Student-Facing Application

Automation and personalization in AI enable advanced learning opportunities for students, and greater control for teachers. There are a variety of systems that can be categorized as student-facing AIEd, including software that students use such as chatbots and intelligent tutoring systems (ITS), which contribute to student learning and collaboration. An AI-enabled chatbot is built to mimic a real conversation. It provides students with solutions to their individual questions in various ways such as forum monitoring, self-paced learning, or as tutoring assistants. AITAs are used in a way that enables them to provide outside student assistance from regular classes [7]. As the system gathers more information and matures, so will the accuracy of the answers it provides. An ITS works to constantly learn the behaviors of the students they support to ensure models and lessons are adjusted to what is most applicable [8]. AIEd can create environments that foster collaboration between students, especially as many students are limited to learning remotely, in a virtual capacity. ITSs are focused on the students’ learning experience and mastery of the material.

Future Outlook

As with any major innovation in life, it is important to understand the ethical dilemmas associated with this. Many fear that AI task automation will eliminate or replace jobs, and many feel humans need personal connections to help support and guide their learning experience. AI lacks the emotional and social support humans need in an academic environment. However, the tasks that AI automates enables teachers to enhance the cognitive ability of the student, and the ability to control information. This will cause a shift in job roles, resulting in a reduced workload and an enhanced student learning experience. It is argued that “the real potential of technology in higher education is, when properly used, to extend human capabilities and possibilities of teaching, learning, and research [1, pp. 3].” AI advancements are already being implemented into higher education through the automation of simple, repetitive tasks. The AI systems use ‘machine learning’ to apply “newly discovered patterns to situations that were not included or covered by their initial design [1].” As AI systems learn more advanced solutions, humans will be required to sort the data collected, causing a shift in the roles of higher education. There is a potential large-scale transformation among educators that will eliminate time-consuming administrative tasks and enable them to “devote more energy to the creative and very human acts that provide the ingenuity and empathy needed to take learning to the next level [4, pp. 31].” Teachers who welcome the innovation and fluency of AIEd will be at the forefront of technological literacy, learning advanced skills, and pioneering the future of these systems.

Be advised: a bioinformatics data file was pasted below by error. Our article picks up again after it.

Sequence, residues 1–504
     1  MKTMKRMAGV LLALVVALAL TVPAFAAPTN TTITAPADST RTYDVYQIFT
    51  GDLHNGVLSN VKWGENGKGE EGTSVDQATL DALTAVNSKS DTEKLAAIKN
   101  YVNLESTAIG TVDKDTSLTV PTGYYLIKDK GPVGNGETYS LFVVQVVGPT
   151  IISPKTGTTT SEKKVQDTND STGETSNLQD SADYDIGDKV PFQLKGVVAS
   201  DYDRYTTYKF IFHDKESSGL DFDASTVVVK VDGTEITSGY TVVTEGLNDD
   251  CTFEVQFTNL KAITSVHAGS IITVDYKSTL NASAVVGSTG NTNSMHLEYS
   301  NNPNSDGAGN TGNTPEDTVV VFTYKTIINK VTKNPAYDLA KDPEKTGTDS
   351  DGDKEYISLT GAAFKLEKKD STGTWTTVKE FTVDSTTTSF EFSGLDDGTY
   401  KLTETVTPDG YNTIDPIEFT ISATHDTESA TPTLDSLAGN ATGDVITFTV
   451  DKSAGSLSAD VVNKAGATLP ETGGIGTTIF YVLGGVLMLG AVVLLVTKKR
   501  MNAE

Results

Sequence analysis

References 

  1. S. A. D. Popenici and S. Kerr, “Exploring the impact of artificial intelligence on teaching and learning in higher education,” Research and Practice in Technology Enhanced Learning, 23-Nov-2017. [Online]. Available: https://telrp.springeropen.com/articles/10.1186/s41039-017-0062-8. [Accessed: 4-Dec-2020].
  2. T. D. Baker and L. Smith, “[PDF] Educ-AI-tion Rebooted ? Exploring the future of artificial intelligence in schools and colleges: Semantic Scholar,” [PDF] Educ-AI-tion Rebooted ? Exploring the future of artificial intelligence in schools and colleges | Semantic Scholar, 01-Jan-1970. [Online]. Available: https://www.semanticscholar.org/paper/Educ-AI-tion-Rebooted-Exploring-the-future-of-in-Baker-Smith/d01f96c020e0b1f72df9a55c93fd7672001a8e91. [Accessed: 04-Dec-2020].
  3. K. Khare, B. Stewart, and A. Khare, “Directory of Open Access Journals,” IAFOR Journal of Education, 01-Dec-2018. [Online]. Available: https://doaj.org/article/450cfce9e115445392ef297f99b911d8. [Accessed: 04-Dec-2020].
  4. R. Luckin and W. Holmes, “Intelligence Unleashed: An argument for AI in Education,” UCL Discovery – UCL Discovery, 22-Feb-2016. [Online]. Available: https://discovery.ucl.ac.uk/id/eprint/1475756/. [Accessed: 04-Dec-2020].